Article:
‘I Wouldn’t Be Where I Am Today If I Wasn’t Dyslexic’


April 26, 2018 at 1:21 pm

Autumn Fair - 2018.00_04_20_14.Still008.jpg

Theo Paphitis is one of the UK’s most recognisable serial entrepreneurs offering huge amounts of investment to help small businesses realise their potential. For seven years he appeared on the BBC business programme Dragons’ Den.

Making the majority of his fortune in the retail sector, Paphitis is the owner of stationery chain Ryman, the homewares specialist Robert Dyas and lingerie retailer Boux Avenue.

BLM spoke with Paphitis as he offered advice to budding entrepreneurs, explained the importance of PR and marketing for businesses and his thoughts on what it takes to be a success.

What inspired you to go into business in the first place?

It’s fair to say that I wasn’t a model pupil at school, and the teachers weren’t interested as they thought I was thick. I wasn’t. I was actually dyslexic and although it made school harder, it also gave me the tools to create alternative solutions. However, I did always have my eye on making money and working in business, particularly as I came from a background where we had very little.

Mum worked, and my brother and I were latchkey kids in the late 60s, early 70s. There was no extra money so I was always looking for the next opportunity. I have always been good with numbers and launching a school tuck shop when I was around 14, gave me a fantastic insight into supply and demand and the doors that earning your own money could open for you.

Related to this post: Avoid a fine: How will GDPR affect your business?

When I was 16 I started a job at Lloyds of London Brokerage, as a filing clerk. But as a dyslexic filer, my future clearly wasn’t paved in gold there, so I applied for a job at Watches of Switzerland, thanks to my girlfriend, the future Mrs P, who spotted the advert in the local paper. I realised very early on that there was something very special about retail.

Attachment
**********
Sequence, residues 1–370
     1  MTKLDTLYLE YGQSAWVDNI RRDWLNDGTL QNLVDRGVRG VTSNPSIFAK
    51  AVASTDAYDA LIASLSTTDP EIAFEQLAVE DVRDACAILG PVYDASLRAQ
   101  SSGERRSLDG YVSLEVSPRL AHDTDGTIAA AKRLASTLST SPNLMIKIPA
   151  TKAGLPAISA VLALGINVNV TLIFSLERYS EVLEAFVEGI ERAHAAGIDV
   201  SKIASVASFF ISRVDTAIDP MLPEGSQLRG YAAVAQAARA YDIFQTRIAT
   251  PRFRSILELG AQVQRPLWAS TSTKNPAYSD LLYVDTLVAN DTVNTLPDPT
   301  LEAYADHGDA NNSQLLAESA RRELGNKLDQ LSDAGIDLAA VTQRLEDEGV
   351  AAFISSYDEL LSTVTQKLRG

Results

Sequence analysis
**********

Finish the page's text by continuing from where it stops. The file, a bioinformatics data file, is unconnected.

I made the most of every opportunity. The thrill of business is in my bones and my inspiration at that point was to make money, have fun….but most importantly, to make money. Nowadays work doesn’t feel like work, as I live and breathe my businesses. Over the years the inspiration changes but my love of business, and retail, has remained a constant.

How important is the role marketing and PR plays to your business success over the years?

PR and marketing are important to any business success, because you want consumers to know about you and love what you’re doing. As the business landscape adapts, you use these tools to show how you’re adapting too, and the rise of digital technology has been a fantastic marketing tool for all my businesses. It is much easier for entrepreneurs to launch new ventures today than when I started out, as the likes of social media give you immediate routes to customers and markets. For example, we didn’t use a formal press release when we launched my lingerie business Boux Avenue, I used my twitter following to shout it from the rooftops.

Related to this post: Global investment drive launched to bringing more than £30 billion to UK

What does it take to be a success?

I don’t say the harder I work, the luckier I get for no reason. Success doesn’t just appear you have to earn it and many entrepreneurs I know live and breathe their businesses, so it doesn’t really feel like work, it’s just what you do. The two pillars I can hand on heart say have  been a constant in my career have been, passion for what I do, and common sense!

What has been behind the success of you in business?

There have been many factors, but I suspect I wouldn’t be where I was today without being dyslexic. When people ask whether I wish I didn’t have dyslexia, I think…I haven’t done that badly with it! Dyslexia has made me create a whole new world for myself in finding alternative solutions from the norm for processing and analysing information, particularly in business. I know I’m not alone here. Buckets full of hard work, passion and a competitive nature have all certainly helped too.

Related to this post: Jaguar Land Rover extends Armed Forces recruitment to retailer network

Any advice to entrepreneurs?

Yes, most importantly use your common sense. Too many entrepreneurs get ahead of themselves, and forget the basics of keeping it simple. Being entrepreneurial is about taking calculated risks, not stupid ones, and those that think before they leap are already in a better place than those that are kamikaze in their approach.

Theo Paphitis owns retailers Boux Avenue, Robert Dyas, Ryman and the London Graphic Centre.  Follow him @theopaphitis on twitter.